Dew catcherI love the time in the morning before any other creature has stirred…it’s magical and charged with a wonderful energy.

secret pathI was born and grew up in a tiny two bedroom house in Omagh, shared with parents and 8 siblings, so have come to appreciate the calm, before the day begins in earnest.

Sitting room windowQuiet, early mornings, hold a sacred space for the mind.

Buddleia on the gravel driveEarly morning, as the sun rises, is an almost different world…a world apart from the mundane and expected.

A world filled with possibilities, hopes and plans.

setting sunAnd the setting sun carries away the hot day, into the embrace of another cool, welcome night.

Cottage Garden Harvest

Cottage garden harvestRed onions and seeds dry in the heat of the afternoon sun at Bealtaine Cottage. cottage garden harvestThe Permaculture harvest is on it’s way.

cottage garden harvestI am saving lots of seed from the biggest, healthiest and tastiest plants!

cottage garden harvestThe rain came and has left a little water…not much, but enough to fill the tank in the loft!

Cottage Garden HarvestHerbs and seeds are coming into their own!

potato harvest at Bealtaine CottagePotatoes are appearing where none were planted…these have grown from seed dropped last year and have not been earthed up!

cottage garden harvestBlackcurrants are taking over the gardens!

Apple harvest

Apples are plumping out…

Runner beansRunner beans are seeking Heaven…

Raspberry harvestRaspberries are being eaten straight from the garden!

broad beansBroad Beans are looking monstrous!

potager beds at Bealtaine CottageAnd the Potager beds have received their second planting…

Bealtaine Cottage Etsy Shop 006My brother Hugh O’Neill has made some very special Bog Oak pendants for the Bealtaine Cottage Etsy shop.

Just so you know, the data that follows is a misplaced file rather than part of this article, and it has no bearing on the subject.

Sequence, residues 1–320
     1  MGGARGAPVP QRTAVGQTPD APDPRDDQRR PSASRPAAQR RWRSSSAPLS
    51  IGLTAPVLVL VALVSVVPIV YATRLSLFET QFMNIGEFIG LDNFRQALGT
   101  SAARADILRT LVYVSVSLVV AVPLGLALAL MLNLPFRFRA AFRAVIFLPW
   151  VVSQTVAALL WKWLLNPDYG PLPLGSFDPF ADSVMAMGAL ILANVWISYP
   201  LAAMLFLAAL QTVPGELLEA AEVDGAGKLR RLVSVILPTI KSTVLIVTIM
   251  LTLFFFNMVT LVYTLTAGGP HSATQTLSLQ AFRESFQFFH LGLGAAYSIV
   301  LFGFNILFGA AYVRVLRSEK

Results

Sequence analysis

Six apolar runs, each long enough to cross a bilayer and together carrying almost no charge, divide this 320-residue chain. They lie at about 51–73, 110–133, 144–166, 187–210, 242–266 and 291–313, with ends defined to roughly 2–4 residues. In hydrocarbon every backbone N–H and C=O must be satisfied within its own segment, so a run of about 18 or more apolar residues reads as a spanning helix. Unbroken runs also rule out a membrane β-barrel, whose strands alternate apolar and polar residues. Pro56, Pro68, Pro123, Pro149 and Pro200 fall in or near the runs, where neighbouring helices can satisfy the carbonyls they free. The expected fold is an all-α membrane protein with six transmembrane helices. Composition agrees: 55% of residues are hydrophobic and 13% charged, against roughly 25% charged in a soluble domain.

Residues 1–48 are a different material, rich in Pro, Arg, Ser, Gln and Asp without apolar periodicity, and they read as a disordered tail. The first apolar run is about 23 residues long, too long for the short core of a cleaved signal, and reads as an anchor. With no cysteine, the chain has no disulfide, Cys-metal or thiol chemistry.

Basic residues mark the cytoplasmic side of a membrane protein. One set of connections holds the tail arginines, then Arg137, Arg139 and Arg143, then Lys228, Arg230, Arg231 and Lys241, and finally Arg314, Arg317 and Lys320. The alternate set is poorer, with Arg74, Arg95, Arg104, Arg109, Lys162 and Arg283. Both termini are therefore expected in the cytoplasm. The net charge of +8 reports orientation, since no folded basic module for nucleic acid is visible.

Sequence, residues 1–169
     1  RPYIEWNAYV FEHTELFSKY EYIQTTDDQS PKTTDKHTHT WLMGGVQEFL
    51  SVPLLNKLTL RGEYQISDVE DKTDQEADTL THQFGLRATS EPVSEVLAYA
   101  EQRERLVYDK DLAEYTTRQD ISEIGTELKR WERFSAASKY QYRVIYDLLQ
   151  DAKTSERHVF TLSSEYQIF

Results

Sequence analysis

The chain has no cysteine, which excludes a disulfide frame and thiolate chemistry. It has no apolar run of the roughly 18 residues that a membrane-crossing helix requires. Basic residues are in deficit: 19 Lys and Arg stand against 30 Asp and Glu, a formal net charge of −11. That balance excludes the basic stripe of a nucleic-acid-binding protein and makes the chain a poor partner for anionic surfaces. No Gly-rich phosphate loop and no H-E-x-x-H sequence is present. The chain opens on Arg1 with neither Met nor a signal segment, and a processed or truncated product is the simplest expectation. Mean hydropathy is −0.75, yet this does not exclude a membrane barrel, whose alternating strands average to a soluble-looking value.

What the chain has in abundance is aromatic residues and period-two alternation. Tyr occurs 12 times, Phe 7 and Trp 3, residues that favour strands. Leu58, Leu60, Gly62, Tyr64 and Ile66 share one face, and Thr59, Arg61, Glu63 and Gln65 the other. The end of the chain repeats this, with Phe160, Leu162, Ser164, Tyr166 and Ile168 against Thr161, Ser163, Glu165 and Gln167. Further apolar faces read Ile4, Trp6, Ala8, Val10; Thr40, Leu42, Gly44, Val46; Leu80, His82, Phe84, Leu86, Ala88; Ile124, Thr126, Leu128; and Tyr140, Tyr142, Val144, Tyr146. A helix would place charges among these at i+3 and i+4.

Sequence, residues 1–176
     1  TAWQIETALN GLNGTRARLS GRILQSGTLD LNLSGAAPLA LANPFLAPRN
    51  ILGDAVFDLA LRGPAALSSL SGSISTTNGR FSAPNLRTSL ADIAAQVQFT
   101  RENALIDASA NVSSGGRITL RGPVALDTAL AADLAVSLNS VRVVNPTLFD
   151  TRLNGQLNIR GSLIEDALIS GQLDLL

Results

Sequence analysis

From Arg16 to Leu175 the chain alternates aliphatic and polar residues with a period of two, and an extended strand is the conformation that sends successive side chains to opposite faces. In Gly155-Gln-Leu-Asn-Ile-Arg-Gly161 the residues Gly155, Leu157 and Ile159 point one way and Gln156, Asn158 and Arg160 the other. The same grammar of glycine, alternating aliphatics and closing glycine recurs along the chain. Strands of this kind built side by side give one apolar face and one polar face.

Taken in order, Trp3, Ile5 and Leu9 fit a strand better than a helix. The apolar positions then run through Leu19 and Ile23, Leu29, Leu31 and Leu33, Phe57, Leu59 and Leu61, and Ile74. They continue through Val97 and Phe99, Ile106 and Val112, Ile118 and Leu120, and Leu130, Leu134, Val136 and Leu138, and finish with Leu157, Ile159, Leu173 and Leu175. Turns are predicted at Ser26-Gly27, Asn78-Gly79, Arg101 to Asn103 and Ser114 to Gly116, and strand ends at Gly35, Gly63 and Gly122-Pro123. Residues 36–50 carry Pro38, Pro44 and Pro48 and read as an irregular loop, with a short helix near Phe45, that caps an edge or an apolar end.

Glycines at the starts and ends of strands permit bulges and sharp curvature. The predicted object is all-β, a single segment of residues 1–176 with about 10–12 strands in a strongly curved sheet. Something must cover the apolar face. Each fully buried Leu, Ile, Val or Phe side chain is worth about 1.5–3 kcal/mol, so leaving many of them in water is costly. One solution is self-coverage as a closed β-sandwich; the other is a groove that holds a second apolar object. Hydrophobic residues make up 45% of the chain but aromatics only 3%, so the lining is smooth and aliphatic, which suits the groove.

Bealtaine Cottage Etsy Shop 003Hugh has carved some Rune and Ogham symbols on some of these special little pieces of Bog Oak.

Bealtaine Cottage Etsy Shop 004The wood is carved and polished by Hugh into these amazing pendants, each accompanied by glass or wooden beads…

Bealtaine Cottage Etsy Shop 005 A little piece of Ancient Ireland to wear around your neck!

Bealtaine Cottage Etsy Shop 002You can find these on the Bealtaine Cottage Etsy Shop…

https://www.etsy.com/listing/157732408/ancient-irish-bog-oak-pendants

 

Carbon Taxes Won’t Save Us!

Back door of Bealtaine CottageToday, I was feeling just a teensy bit down.

It’s a rare experience for me.

Back door at Bealtaine CottageLife is so full on here at Bealtaine, that positivity fills the day, running from one task to the next and looking forward to a brief sit down and a cup of tea.

But today, something caught up with me…a growing feeling of fragility that I had suppressed for a long time.

A jingle bell heartWeakness in the face of disaster.

Fear.

Dog Daisy benchI have spent much of my life suppressing fear.

To be honest, most people have too.

table on the verandaCarrying life, caring for life, creates a deep fear…of birth and death, and one that we know we  must resist.

Not just resist, but train ourselves to regard this feral fear in as dispassionate a way as we can muster.

Family on the dresserWe as adults cannot display fear to our young or those in our charge or care…we must be brave, pretend, laugh in the face of fear.

kitchen windowToday I was desperate for water to ensure the plants in the potager beds did not die.

The well had stopped flowing.

The heat of the day was oppressive, as the cloudless sky framed a burning hot sun that evaporated what little moisture was left in the soil.